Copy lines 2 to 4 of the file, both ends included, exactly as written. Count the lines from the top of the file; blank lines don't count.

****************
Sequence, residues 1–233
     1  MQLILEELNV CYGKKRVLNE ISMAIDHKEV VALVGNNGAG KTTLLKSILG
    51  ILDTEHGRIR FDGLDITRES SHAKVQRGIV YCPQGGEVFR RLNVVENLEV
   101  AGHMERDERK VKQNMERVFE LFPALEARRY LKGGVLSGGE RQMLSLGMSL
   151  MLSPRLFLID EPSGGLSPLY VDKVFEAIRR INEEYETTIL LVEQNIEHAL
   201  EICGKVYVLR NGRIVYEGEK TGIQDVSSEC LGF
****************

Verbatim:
     1  MQLILEELNV CYGKKRVLNE ISMAIDHKEV VALVGNNGAG KTTLLKSILG
    51  ILDTEHGRIR FDGLDITRES SHAKVQRGIV YCPQGGEVFR RLNVVENLEV
   101  AGHMERDERK VKQNMERVFE LFPALEARRY LKGGVLSGGE RQMLSLGMSL